I have written elsewhere about deliberate practice. Simply, it is choosing to work in a focused way on the weakest parts of what you are best at. Such specific work can, I think, apply in following Jesus.
And it came to mind when looking at what Jesus said about gates and roads.
“Enter through the narrow gate. For wide is the gate and broad is the road that leads to destruction, and many enter through it. But small is the gate and narrow the road that leads to life, and only a few find it. [Matthew 7:13-14]
Lots of people talk about following, but not many follow through. Many of us talk about what we ought to do, but few people actually do those things. Many people lay their hand on the latch, but few lift it.
I’m pretty sure that Jesus isn’t talking about artificially narrowed gates, those with narrowly defined boundaries of human rules that count. He doesn’t need to. He has already clearly identified edges that talk about hate and lust and lies and religious ostentatiousness and praying only for an audience and ungraceful judging. Those edges make the gate pretty narrow.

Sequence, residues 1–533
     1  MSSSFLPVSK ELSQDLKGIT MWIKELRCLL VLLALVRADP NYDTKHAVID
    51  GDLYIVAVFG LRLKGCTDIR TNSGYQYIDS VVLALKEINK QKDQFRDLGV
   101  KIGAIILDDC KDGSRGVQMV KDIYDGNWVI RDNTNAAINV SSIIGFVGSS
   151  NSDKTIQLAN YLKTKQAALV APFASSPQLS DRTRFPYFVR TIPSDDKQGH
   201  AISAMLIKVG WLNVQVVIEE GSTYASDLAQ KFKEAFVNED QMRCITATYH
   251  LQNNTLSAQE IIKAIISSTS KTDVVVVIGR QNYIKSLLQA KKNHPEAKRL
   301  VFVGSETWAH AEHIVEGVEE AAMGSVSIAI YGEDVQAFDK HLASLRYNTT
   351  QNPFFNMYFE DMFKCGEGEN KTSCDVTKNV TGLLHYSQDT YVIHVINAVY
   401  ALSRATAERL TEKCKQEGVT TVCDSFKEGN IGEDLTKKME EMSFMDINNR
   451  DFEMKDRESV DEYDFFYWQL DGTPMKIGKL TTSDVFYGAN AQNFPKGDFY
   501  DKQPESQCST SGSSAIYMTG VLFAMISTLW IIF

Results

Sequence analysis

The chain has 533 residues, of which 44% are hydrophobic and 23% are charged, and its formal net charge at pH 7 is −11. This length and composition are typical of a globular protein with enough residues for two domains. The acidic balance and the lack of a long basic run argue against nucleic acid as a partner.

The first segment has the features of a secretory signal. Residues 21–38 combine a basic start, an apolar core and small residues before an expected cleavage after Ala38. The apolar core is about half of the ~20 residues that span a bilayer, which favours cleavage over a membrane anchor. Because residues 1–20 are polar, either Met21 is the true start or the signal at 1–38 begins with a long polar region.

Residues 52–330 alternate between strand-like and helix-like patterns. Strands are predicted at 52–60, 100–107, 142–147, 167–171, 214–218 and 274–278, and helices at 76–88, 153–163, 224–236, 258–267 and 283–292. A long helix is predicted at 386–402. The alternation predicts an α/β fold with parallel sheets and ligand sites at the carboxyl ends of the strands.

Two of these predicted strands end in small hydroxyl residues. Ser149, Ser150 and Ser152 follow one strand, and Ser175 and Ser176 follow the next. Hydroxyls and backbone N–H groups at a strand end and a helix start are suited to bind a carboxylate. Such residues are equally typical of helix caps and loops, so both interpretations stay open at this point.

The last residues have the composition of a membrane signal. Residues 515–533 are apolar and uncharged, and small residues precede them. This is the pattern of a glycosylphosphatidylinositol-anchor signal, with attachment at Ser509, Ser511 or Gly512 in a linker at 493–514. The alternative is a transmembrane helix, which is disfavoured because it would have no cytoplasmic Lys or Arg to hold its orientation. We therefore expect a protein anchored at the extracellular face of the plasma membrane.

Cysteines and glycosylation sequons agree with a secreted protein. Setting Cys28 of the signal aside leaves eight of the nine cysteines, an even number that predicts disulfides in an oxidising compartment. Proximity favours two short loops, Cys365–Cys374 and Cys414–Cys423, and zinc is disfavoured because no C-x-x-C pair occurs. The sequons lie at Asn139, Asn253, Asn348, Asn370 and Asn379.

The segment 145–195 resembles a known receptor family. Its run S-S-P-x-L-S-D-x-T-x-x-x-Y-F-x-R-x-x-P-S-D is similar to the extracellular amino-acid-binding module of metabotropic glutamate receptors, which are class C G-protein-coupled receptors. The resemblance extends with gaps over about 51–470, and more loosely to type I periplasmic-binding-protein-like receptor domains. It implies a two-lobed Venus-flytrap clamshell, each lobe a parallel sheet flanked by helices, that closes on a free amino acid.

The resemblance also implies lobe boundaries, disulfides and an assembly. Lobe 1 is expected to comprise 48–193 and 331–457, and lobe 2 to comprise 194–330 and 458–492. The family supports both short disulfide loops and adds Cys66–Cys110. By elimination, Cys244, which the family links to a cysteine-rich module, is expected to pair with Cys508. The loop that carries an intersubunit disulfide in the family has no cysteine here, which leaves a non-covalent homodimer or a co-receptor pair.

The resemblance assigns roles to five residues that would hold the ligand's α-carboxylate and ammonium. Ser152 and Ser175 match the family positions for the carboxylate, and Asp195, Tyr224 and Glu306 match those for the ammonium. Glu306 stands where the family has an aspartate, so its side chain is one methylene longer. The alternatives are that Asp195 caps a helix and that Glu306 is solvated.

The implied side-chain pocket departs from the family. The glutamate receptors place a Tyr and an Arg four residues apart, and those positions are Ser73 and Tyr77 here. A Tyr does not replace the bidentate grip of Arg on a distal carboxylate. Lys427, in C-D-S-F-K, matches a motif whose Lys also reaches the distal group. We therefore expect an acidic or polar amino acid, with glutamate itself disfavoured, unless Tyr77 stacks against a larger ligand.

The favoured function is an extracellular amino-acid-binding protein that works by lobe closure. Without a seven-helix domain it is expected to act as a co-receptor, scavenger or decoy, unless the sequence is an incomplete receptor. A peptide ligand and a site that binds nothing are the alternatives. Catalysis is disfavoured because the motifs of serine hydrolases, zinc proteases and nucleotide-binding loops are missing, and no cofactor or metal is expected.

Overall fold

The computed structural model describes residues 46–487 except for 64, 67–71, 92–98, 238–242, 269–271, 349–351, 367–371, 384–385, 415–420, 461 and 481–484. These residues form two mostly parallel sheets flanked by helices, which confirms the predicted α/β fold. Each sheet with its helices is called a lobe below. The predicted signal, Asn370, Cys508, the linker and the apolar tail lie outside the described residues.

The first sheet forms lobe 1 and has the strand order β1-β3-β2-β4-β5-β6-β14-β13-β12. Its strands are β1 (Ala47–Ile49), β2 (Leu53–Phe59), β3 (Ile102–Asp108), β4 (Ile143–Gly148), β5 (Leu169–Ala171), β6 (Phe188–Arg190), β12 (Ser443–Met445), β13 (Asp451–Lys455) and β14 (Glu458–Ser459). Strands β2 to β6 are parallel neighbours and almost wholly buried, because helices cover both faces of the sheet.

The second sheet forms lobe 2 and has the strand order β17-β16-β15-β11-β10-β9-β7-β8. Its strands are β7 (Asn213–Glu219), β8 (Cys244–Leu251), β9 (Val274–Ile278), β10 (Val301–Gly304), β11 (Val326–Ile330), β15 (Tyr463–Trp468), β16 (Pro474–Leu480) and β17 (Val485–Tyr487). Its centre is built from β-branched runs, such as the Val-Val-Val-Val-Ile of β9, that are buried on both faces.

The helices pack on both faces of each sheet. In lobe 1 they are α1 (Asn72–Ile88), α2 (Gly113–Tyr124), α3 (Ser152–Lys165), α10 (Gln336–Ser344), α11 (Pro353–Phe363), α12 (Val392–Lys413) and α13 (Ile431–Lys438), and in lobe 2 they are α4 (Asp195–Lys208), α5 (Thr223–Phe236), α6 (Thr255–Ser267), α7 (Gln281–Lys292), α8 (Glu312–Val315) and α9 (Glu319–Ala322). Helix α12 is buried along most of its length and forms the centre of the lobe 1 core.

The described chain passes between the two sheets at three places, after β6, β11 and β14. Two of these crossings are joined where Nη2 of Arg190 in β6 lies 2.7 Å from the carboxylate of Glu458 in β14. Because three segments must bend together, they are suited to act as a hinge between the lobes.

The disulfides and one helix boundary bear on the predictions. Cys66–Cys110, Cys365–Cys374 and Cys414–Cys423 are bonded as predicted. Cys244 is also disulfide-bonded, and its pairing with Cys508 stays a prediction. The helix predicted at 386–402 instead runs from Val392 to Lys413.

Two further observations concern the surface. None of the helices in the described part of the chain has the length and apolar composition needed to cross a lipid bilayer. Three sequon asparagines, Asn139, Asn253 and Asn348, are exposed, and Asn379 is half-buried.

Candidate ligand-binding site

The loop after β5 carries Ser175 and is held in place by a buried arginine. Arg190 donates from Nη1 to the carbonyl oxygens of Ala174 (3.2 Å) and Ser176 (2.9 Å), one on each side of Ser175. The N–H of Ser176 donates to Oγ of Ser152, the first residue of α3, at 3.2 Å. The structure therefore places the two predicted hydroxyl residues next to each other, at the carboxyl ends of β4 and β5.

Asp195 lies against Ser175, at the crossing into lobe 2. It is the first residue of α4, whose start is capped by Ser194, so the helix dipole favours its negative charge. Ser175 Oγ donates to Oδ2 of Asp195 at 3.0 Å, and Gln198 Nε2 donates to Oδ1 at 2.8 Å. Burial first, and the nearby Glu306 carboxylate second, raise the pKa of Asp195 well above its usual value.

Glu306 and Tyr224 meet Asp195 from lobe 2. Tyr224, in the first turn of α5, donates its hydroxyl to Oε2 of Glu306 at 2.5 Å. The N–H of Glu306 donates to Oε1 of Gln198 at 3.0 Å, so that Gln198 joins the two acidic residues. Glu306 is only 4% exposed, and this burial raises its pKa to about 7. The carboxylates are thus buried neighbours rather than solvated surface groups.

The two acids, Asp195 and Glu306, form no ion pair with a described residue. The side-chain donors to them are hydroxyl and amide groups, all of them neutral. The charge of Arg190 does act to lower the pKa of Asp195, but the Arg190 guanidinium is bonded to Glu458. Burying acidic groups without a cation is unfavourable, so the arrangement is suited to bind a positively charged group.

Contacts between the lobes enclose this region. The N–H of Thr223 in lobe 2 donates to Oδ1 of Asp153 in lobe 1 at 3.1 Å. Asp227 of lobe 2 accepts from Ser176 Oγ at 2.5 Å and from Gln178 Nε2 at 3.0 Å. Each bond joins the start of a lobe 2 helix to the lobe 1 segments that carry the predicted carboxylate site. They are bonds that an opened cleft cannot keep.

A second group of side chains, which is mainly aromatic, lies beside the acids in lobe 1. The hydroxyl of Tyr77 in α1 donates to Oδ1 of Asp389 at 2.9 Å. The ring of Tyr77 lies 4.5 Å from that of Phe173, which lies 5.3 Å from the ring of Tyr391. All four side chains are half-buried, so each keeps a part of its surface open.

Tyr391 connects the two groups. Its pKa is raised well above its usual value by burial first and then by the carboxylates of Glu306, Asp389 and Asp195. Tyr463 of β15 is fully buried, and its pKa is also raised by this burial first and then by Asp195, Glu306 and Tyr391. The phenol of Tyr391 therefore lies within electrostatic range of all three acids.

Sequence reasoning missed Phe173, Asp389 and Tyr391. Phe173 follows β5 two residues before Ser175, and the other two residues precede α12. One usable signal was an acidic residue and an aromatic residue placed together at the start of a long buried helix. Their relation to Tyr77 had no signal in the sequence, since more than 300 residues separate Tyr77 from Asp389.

And yet, those edges make for a sense of hope. Treating people that lovingly, loving God that simply, bring a sense of clarity. We can’t measure up without asking for help. Jesus is available to help. To enter the gate, to walk that path, we have to give up our ability to try to live successfully with unmeetable standards, but in the giving up, living becomes relationship.
It takes consistent, deliberate choices. Choosing to follow, choosing to focus, choosing to refine that part today, this part tomorrow.
But choosing isn’t easy. It’s easier to just do it all.
Jesus seems to suggest that’s destruction.